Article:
Kaizen and the art of continuous improvement

Ian Burton, TRI Cap Director, Chairman of TRI Cap’s Monitoring Group, Captain of Scottish Borders Exporters Association and Director of Scottish Borders Chamber of Commerce explains how the philosophy of continuous improvement should drive the investor / investee relationship.

Continuous improvement is the key to business success. Because if a business is not going forward then it is going backwards. But this is not a new idea. Since the rebuilding of Japanese industry after the Second World War, the philosophy of continuous improvement known as Kaizen has driven many successful companies forward. It applies to the whole organisation, from the chairman to the cleaner; from tiny incremental changes enacted swiftly in the production line environment to the flow of materials and information.

Toyota is famous for its adherence to the Kaizen business principle with workers encouraged to identify small improvements in process to improve output. But the philosophy is not the preserve of large production-line companies. The ISO 9001 standard requires businesses to plan, do, check and act. And nowhere is continuous improvement more important than in the business of investment.

Firstly, it applies to investee companies. Those whose businesses have been supported by outside investors are presented with an unrivalled opportunity to pursue the principles of Kaizen. Because those who invest have a wealth of expertise which should be utilised. Unlike those who work within the business on a daily basis, these individuals have experience of other successful companies, other production systems and other business environments. They are uniquely well-placed to be a ‘critical friend’ because they are invested, both financially and intellectually, in a business idea and are therefore also invested in its success.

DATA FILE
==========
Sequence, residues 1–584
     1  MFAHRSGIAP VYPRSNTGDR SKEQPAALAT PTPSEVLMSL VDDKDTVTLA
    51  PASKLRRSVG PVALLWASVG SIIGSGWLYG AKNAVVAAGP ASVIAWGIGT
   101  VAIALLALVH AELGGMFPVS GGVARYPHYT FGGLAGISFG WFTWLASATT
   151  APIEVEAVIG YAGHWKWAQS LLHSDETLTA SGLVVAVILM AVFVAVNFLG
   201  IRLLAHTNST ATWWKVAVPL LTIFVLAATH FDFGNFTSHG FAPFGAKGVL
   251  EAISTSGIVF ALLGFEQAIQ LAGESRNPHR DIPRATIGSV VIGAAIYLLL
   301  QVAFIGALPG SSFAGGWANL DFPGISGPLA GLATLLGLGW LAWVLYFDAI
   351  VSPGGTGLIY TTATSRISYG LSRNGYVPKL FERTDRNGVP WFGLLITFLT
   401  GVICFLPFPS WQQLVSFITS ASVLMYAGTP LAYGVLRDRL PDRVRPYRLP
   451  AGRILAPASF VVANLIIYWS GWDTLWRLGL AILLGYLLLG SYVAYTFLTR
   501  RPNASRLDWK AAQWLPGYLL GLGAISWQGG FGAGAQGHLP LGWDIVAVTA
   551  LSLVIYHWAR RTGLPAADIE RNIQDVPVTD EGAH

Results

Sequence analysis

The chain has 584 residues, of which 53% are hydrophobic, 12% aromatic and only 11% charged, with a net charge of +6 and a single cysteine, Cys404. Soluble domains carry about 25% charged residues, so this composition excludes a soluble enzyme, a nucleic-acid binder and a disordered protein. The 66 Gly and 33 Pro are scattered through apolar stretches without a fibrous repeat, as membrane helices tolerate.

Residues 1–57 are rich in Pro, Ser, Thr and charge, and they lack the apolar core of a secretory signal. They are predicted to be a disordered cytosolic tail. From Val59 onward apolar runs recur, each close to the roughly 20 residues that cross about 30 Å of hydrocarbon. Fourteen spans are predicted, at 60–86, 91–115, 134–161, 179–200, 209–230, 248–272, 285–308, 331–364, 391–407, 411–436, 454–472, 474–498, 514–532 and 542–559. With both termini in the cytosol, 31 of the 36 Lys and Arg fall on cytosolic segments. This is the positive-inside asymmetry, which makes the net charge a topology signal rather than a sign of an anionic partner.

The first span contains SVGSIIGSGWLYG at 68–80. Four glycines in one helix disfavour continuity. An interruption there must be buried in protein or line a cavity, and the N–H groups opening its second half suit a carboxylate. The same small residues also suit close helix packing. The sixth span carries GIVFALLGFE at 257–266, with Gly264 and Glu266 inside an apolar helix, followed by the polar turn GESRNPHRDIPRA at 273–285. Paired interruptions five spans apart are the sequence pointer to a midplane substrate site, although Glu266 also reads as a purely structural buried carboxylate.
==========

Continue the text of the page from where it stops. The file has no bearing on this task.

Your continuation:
In a variety of roles, from chairman, non-executive director, observer or monitor, these investors are there to challenge. Either in the boardroom or behind the scenes, they have the success of the business at heart but they would be irresponsible if they did not use their experience to chip away at continuous improvement. But their intention is not to undermine; it is to encourage forward momentum. Even if a business is meeting its financial targets, there may be underlying issues which will affect future performance and it is their responsibility to bring these issues to the attention of the board. And as the goalposts change, it is to assist in the re-evaluation of targets.

Secondly, the principle of Kaizen applies to the investment vehicle itself. If we as investors do not learn from our experience then we will also be moving backwards. At TRI Cap we now understand that we want to engage with those who wish to engage with us. We do not simply aim to hand over our money and sit back and wait to see what happens. We know that the potential of people and their ideas is more important than their current financial position. If a business idea is fundamentally flawed, no amount of strategic input will make it a long term success. But if the premise is a good one and the management team is responsive and engaged, we will be able to provide the expertise to help manage the business so that it moves forward.

At TRI Cap we are also continually developing our own management systems. We have recently undertaken an exercise to gather the views of our investment members and are taking steps to act upon it. We are also in the process of revising our monitoring function and developing ways to improve the flow of information.

Yet ultimately, and perhaps bizarrely, our aim is to become redundant. Ideally, our investment of both money and ideas will lead to a successful exit. It has never been our intention to hold investments over a long period of time but to see a company moving on to the next stage in its development. For us, this is a vital aspect of the continuous improvement process.

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